The Pinal County, Ariz., Sheriff's Office has declined to conduct forensic tests on evidence from a shooting incident involving Deputy Louie Puroll despite statements from forensic experts that the lawman's bullet wound could not have occurred as he described, reports the Arizona Republic. Puroll reported on April 30 that he had been ambushed while tracking drug smugglers in the desert, suffering a grazing flesh wound to the side during an exchange of gunfire that was partially recorded in 911 calls. By the time rescuers arrived, a half-dozen purported suspects had fled. But experts who studied photographs of the wound said it appeared to them to be the result of a "close contact" gunshot. They argued that it could not have been fired by a distant suspect, as Puroll told sheriff's investigators.
"It's not consistent with 25 yards away," said Dr. Michael Baden, the former chief medical examiner for New York City, who analyzed photographs of the wound for an Arizona tabloid. "This is extremely typical of a shot fired within inches." "This was fired at contact range . . . with the muzzle of the gun lying against the skin," asserted Dr. Werner Spitz, a former chief medical examiner in Michigan and co-author of a forensic pathology book, who also viewed the pictures. Puroll has declined all interview requests. Both experts said their conclusions could be further verified by lab examinations of the shirt Puroll wore on the day of the shooting. Tim Gaffney, a sheriff's spokesman, said the garment was not submitted for testing, and he has not heard of any plan to reconsider that decision.
The American Civil Liberties Union is seeking a federal investigation of the Newark Police Department, saying it routinely violates residents' civil rights through excessive force and false arrests, the Newark Star-Ledger reports. Citing dozens of lawsuits and years of internal affairs statistics, the ACLU says the department is incapable of policing itself. It says records show that out of 261 complaints in 2008 and 2009 involving excessive force, differential treatment or improper arrest, entry or search, only one was sustained. One officer has faced 62 internal affairs investigations in an almost 14-year career; none have been sustained.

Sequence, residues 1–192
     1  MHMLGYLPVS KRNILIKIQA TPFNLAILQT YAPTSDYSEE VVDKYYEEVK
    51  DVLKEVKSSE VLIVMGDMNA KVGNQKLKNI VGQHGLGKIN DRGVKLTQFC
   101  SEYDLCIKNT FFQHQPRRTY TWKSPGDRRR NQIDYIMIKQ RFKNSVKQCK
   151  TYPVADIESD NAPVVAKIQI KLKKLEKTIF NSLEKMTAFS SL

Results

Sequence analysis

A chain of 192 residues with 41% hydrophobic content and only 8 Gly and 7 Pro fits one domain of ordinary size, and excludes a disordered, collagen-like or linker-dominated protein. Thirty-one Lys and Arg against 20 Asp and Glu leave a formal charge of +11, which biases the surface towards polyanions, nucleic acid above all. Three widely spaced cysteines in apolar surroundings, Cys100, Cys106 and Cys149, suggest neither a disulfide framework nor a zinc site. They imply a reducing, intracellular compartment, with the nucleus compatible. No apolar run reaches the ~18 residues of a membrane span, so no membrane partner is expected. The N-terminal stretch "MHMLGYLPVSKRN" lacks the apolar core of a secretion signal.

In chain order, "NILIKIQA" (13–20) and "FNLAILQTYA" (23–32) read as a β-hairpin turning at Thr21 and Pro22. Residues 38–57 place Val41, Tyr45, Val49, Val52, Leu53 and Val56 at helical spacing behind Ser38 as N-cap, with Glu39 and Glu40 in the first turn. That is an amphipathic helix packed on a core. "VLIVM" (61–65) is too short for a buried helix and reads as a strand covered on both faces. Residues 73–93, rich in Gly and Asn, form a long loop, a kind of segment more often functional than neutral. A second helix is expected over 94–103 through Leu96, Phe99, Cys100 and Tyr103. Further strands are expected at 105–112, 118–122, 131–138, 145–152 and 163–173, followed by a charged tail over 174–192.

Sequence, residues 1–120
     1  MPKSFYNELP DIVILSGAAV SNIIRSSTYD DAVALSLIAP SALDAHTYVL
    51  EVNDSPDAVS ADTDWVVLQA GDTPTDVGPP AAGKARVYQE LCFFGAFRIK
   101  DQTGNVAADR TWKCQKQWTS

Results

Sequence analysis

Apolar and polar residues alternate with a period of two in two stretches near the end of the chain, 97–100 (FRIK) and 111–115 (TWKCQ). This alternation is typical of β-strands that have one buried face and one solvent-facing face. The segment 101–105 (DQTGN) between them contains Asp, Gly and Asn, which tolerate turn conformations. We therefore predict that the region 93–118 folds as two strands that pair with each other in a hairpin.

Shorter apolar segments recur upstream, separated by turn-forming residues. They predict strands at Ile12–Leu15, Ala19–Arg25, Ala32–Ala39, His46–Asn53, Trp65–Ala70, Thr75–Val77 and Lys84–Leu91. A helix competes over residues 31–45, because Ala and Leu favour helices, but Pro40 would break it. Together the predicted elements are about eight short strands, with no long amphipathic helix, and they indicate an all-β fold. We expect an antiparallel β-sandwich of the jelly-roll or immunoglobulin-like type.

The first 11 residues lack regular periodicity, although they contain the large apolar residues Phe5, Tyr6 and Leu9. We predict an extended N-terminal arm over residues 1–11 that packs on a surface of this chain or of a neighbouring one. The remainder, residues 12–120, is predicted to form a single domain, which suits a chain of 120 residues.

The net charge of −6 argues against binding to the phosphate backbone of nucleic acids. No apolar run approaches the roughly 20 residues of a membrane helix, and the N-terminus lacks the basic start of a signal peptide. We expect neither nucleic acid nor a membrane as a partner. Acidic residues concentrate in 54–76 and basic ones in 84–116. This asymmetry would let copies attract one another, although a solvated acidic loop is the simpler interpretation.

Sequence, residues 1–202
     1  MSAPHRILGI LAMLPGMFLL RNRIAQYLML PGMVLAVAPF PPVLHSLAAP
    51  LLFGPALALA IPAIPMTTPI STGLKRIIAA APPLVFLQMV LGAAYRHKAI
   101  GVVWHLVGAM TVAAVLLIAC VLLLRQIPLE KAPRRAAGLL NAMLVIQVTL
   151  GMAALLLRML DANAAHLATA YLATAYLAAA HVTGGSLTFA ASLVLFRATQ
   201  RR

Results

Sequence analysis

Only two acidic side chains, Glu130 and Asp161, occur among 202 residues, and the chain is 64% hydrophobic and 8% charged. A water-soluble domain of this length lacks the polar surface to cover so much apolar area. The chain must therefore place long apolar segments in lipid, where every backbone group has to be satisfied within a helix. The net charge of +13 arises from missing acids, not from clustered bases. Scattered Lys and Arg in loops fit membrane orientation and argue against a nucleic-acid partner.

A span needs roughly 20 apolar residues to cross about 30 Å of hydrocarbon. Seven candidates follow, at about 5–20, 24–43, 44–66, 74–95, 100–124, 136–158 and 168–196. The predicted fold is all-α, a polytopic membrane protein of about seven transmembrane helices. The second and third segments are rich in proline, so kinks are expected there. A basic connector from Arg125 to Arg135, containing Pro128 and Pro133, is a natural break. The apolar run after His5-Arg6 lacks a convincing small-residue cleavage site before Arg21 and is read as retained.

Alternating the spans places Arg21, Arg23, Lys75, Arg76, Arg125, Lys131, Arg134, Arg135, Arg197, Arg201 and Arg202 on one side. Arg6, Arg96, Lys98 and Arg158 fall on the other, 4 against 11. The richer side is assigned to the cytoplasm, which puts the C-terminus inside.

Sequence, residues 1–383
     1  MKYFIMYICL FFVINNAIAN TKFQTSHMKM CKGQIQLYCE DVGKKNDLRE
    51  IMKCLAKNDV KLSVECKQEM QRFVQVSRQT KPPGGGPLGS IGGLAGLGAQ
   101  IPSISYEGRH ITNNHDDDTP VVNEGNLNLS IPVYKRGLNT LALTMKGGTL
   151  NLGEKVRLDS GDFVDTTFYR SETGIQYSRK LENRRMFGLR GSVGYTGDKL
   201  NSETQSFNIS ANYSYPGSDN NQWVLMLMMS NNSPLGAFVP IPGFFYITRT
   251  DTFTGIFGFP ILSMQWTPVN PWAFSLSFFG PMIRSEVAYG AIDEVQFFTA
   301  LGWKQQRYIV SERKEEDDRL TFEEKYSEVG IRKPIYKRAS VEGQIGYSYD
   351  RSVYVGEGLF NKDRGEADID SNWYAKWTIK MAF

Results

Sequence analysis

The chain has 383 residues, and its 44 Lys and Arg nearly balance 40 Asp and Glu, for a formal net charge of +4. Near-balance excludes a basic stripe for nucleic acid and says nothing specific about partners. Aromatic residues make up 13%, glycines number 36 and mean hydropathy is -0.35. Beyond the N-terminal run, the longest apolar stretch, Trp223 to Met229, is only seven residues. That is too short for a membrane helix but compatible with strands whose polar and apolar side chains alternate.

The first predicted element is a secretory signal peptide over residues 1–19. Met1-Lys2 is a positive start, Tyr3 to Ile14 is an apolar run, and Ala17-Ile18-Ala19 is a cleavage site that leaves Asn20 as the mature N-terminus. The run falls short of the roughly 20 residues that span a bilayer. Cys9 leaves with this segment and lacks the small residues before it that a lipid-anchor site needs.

Deborah Jacobs, executive director the ACLU in New Jersey, said the petition is the first step in a process she hopes will end with the same kind of consent decree and federal oversight imposed on the State Police a decade ago in response to the racial profiling scandal. Top Newark officials said the ACLU petition was undermining progress in the city. "The city of Newark was extremely disappointed when it reviewed the ACLU’s petition," said Julian Neals, the city’s top lawyer. "The city feels that the ACLU petition is frivolous and submitted in bad faith." Mayor Cory Booker was angered by the ACLU petition. "It’s casting unnecessary aspersions on the police department through the distortion of facts," he said. He said the city had tried to cooperate with the agency on numerous issues but now feels the ACLU has unfairly shut down that relationship. Booker said the ACLU is promoting "negative stereotypes" of Newark and not giving the city credit for its progress.
Citizen complaints against the Detroit Police Department continue to rush in at more than 1,700 a year, showing that more needs to be done to clean up alleged misconduct, says the Detroit Free Press, quoting a report by the Detroit Board of Police Commissioners. The board said the complaints range from sexual harassment to excessive force. Twenty cases from 2009 were considered major offenses, resulting in the suspension of officers without pay.
The number of complaints has hovered around 1,700 annually since 2007, a 36 percent increase over 2002. The report faults the department for complying with only 39 percent of a 7-year-old federal consent decree aimed at rehabilitating an abusive department. Among the failures was a slow response to citizen complaints. The police board is urging the department to do a better job of recruiting police officers who "meet the moral and ethical requirements to be a Detroit Police officer." The recommendations include conducting more in-depth background investigations of applicants, holding recruitment fairs to hire Detroit residents, and clearly showing the standards and expectations of a police officer.